• carultch

    If you wake up in an airplane, with all the window shades closed, that is in the middle of executing a banked turn, can you perceive which direction it is turning by feeling the "g-forces" inside?

    You can tell that it is either turning or climbing because you feel slightly heavier. But can you tell which direction?

  • Jaideep singh

    This is not the actual phenomena of generating lift in airplanes. Studies shows that the result will.not agree with this principle of generating lift.
    video on learn engineering Youtube channel and nasa research experiment proved it.

  • Captain Styles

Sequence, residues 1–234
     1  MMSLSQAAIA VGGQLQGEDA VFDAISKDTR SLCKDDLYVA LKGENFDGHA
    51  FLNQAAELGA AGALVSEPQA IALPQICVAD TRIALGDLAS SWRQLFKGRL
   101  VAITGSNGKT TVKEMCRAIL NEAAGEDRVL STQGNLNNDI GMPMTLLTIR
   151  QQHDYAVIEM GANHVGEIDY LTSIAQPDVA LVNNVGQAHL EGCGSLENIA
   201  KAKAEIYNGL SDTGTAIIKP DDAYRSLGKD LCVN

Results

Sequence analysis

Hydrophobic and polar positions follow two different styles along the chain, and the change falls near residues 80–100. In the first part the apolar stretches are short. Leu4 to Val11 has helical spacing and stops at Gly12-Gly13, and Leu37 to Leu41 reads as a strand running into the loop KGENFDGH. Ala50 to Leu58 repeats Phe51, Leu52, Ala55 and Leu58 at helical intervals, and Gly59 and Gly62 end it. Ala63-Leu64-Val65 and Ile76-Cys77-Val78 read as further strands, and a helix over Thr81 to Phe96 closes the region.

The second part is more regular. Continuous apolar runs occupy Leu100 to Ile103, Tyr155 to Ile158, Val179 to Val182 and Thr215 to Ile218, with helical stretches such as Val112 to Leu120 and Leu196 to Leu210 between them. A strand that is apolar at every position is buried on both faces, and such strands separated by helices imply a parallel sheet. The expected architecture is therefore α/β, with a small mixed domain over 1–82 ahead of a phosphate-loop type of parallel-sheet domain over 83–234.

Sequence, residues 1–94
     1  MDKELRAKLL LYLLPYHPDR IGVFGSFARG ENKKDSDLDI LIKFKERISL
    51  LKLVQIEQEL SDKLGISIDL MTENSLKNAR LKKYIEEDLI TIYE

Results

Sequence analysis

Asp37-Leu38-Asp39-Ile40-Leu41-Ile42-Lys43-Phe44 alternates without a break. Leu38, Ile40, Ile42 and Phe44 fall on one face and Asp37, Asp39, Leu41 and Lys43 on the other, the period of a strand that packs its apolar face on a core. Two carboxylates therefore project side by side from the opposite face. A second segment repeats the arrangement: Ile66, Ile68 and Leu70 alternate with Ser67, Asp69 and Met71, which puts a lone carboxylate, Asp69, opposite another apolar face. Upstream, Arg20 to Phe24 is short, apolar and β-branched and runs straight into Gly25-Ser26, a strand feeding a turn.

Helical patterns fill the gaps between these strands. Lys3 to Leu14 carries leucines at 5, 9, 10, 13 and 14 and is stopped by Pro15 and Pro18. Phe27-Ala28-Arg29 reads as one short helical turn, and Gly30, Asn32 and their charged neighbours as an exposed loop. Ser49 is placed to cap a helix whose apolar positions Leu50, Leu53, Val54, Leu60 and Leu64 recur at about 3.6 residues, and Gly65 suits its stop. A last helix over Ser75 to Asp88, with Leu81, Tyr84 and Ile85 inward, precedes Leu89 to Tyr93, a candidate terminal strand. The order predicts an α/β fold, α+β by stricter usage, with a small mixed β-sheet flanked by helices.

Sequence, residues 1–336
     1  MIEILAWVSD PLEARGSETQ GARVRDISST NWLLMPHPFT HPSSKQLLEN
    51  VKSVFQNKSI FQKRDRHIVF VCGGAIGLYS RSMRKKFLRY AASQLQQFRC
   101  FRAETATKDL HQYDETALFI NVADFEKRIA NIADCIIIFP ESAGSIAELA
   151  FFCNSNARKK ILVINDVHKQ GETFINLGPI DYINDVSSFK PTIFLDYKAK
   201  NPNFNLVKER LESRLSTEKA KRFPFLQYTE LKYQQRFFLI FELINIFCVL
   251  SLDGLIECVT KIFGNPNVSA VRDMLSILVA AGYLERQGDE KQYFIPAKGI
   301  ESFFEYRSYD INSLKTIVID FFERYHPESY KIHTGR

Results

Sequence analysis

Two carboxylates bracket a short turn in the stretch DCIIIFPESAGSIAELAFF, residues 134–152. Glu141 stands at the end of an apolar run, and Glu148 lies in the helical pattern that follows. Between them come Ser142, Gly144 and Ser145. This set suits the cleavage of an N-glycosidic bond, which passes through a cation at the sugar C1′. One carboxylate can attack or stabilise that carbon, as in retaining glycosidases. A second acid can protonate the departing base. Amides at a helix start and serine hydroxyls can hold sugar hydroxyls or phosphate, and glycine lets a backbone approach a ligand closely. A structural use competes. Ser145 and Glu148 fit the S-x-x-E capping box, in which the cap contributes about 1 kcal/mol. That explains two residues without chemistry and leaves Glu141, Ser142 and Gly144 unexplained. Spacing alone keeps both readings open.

This was a very informative video and very detailed and I personally found it very enjoyable to watch. The only thing that I didn't find quite right is the wing shape generating lift due to shape causing the air molecules to move faster. this does happen but it is due to the already present pressure differential over the wings surface due to the angle of wing to the relative wind or angle of attack. When the angle of attack increases it causes the molecules to be deflected downwards slightly and a pressure differential on either side of the wing thus the wing experiences and opposite force upwards but often the pressure on top of the wing doesn't change all that much it stays very close to that of atmospheric pressure and it's actually the slowing down of the air on the bottom of the wing that generates at higher pressure on the bottom so although the lowering of pressure does occur and a small amount of lift is produced it is a fraction of total lift. As well as this the equal time theory relies on two molecules of air starting at the same point but one going up over the wing and one going down under the wing and then rejoining at the trailing edge of the wing this is not going to happen because they are part of two different stream lines and are dynamic equations and not applicable to two separate molecules on two different streamlined as well as this in theory a wing that is flat bottomed as very wavy on top should according to this theory generate masses of lift but it doesn't in reality and it also suggests that a symmetrical wing should only produce a tiny amount of lift because of tiny difference in path length between the top surface and bottom surface when even at a high angle of attack but this is not the case. In reality most light sport aircraft and even going up to the extra 300 have symmetrical wings and they generate enough lift to produce up to 12 g manoeuvres at just 200 kts which should be impossible for a symmetrical wing and the last piece of my evidence is paper aeroplanes. They are able to generate enough lift to support themselves for sometimes quite a distance yet their wings are the thickness of a sheet of paper or card and are usually flat and not curved in any way even under aerodynamic loading so although air does change speed over wing it's generally the speed of the air under the wing changing more causing lift